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Condominium law restricting rents may affect investors

There is a great deal of news surrounding the rising cost of rent in Canadian cities. However, many condominium owners who seek to earn rental income from Ontario real estate investments are actually in the negative due to the cost of purchasing and maintaining a property. Proposed changes to condominium law and rental law may require these landlords to restrict the rents they charge while costs related to condo ownership continue to rise.

For example, the average rental rate in Toronto is currently $2.99 per square foot. That adds up to $2,219 for a 734-square foot condominium. Despite this 10.3 percent jump in price over the last year, a recent report shows that many landlords are still producing no income. An incoming condominium law is expected to expand rent control to prevent such sharp increases in rates. Currently, buildings constructed after 1991 are exempt from the law, which requires landlords to limit rent increases to the rate of inflation.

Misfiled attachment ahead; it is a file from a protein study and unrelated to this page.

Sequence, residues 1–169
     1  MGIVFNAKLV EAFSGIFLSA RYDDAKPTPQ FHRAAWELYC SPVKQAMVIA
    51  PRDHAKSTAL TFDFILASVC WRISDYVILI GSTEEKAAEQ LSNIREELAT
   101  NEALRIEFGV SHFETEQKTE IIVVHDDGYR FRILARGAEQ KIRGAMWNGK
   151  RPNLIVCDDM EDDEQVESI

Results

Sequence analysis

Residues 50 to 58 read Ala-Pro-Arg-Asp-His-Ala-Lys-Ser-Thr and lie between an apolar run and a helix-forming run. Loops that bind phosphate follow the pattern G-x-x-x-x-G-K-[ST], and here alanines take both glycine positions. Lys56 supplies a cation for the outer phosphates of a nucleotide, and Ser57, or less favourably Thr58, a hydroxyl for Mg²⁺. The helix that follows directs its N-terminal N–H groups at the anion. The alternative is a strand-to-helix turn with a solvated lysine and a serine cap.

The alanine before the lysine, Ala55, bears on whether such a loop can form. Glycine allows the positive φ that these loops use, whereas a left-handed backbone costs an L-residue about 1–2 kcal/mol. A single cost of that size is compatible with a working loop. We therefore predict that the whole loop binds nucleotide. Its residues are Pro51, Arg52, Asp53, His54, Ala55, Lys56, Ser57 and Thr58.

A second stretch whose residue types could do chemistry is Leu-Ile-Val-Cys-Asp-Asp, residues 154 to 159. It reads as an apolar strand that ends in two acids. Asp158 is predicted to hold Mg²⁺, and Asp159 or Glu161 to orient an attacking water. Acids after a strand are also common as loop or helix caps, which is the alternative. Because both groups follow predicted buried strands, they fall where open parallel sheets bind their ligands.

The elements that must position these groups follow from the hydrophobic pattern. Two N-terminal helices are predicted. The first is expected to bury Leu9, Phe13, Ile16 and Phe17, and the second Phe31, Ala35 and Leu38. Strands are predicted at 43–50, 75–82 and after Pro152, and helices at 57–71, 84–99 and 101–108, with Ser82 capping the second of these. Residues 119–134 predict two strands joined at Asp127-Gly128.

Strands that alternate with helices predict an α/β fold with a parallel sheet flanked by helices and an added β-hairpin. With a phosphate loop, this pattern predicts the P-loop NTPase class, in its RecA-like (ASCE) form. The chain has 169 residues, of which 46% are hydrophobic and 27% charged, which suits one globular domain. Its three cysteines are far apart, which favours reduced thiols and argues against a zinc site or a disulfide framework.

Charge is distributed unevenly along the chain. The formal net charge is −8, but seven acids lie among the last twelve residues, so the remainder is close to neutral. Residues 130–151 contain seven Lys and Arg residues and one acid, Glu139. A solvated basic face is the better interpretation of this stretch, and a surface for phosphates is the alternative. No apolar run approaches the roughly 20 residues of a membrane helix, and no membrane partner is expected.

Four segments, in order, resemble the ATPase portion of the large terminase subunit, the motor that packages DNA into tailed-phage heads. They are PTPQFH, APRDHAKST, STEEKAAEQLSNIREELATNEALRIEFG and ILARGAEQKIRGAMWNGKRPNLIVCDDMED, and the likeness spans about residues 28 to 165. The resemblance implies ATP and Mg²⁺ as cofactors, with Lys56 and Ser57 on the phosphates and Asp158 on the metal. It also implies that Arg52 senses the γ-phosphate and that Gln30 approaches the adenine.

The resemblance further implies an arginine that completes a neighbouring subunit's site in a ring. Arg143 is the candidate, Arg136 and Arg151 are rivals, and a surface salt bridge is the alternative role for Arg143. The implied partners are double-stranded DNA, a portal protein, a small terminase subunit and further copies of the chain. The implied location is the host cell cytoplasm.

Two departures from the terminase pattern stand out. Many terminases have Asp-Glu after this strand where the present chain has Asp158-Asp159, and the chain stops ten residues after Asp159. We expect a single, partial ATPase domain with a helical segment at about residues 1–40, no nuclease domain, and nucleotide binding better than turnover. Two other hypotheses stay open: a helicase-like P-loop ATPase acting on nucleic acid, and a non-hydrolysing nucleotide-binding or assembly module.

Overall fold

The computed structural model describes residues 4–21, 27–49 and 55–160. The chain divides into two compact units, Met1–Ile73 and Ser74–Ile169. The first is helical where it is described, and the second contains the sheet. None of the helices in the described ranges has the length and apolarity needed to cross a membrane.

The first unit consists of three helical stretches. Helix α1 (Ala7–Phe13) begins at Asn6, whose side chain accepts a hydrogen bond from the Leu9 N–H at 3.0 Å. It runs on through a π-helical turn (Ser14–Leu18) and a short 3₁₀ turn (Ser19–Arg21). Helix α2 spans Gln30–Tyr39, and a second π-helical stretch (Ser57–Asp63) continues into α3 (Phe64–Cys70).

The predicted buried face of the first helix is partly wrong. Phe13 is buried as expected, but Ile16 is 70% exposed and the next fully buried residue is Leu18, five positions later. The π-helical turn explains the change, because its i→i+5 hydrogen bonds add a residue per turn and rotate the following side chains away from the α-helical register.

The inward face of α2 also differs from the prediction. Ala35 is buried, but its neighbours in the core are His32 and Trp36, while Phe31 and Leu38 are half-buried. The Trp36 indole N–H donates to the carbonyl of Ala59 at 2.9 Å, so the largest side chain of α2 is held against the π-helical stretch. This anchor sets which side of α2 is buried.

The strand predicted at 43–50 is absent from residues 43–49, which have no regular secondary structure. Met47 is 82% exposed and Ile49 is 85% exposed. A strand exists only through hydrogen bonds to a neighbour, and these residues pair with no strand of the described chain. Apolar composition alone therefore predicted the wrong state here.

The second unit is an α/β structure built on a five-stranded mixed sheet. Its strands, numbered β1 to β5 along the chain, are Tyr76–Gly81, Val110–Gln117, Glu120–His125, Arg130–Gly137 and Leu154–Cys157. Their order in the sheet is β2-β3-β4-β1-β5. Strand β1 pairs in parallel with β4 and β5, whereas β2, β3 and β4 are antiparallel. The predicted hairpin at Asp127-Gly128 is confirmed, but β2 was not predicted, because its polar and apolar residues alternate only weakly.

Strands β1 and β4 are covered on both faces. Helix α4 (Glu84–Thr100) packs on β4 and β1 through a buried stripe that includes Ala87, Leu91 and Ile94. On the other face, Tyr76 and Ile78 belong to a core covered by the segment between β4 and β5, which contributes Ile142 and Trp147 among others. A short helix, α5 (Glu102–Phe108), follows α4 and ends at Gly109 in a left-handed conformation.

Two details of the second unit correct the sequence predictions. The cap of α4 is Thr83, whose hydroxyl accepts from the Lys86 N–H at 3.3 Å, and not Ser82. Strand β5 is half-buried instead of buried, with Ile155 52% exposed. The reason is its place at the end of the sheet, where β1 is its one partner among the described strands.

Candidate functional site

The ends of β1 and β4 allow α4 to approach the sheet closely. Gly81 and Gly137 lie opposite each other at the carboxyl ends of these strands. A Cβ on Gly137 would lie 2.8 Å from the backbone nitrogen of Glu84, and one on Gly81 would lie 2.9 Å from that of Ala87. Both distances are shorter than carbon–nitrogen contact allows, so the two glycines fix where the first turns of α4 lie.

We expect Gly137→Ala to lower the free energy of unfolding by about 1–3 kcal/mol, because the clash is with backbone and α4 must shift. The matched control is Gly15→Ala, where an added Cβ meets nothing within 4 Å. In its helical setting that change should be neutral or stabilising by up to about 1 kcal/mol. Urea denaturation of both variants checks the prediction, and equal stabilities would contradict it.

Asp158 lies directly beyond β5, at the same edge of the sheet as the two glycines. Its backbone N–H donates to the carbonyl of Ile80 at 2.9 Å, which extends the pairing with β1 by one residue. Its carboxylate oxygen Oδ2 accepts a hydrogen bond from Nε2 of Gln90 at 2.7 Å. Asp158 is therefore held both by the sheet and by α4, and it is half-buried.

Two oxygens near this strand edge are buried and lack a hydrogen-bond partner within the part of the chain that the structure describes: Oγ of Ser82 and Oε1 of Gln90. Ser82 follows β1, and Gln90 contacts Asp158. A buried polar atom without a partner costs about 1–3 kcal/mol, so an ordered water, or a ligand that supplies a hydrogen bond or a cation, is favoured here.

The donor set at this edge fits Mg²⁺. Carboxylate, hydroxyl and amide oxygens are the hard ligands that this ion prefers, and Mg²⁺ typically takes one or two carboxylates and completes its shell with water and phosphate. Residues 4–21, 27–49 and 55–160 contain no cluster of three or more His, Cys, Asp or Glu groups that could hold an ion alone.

Experts say that the high cost of housing in Toronto along with rising condo fees are responsible for the cash flow negative position of many local landlords. A typical mortgage on the average condo purchased in the third quarter of 2017 would cost $1,985 per month. When average condo fees for $570 per month are added to this price, the monthly carrying costs are $646 over the average rent on such a property. Some investors avoid this by purchasing new construction instead of existing units, but those who purchase new real estate may end up in a cash flow negative situation in the current climate. 

Although new condominium laws will restrict rent increases from owners who lease their properties, Ontario still has "vacancy decontrol" in place. This allows landlords to reset rents to whatever price they wish once a tenant moves out. It is worthwhile for condo owners with questions about how they may rent out their property under the provincial and municipal law to contact a lawyer.

Source: Financial Post, "GTA condo rents keep rising, so why can't landlords produce any income from them", Garry Marr, Oct. 12, 2017

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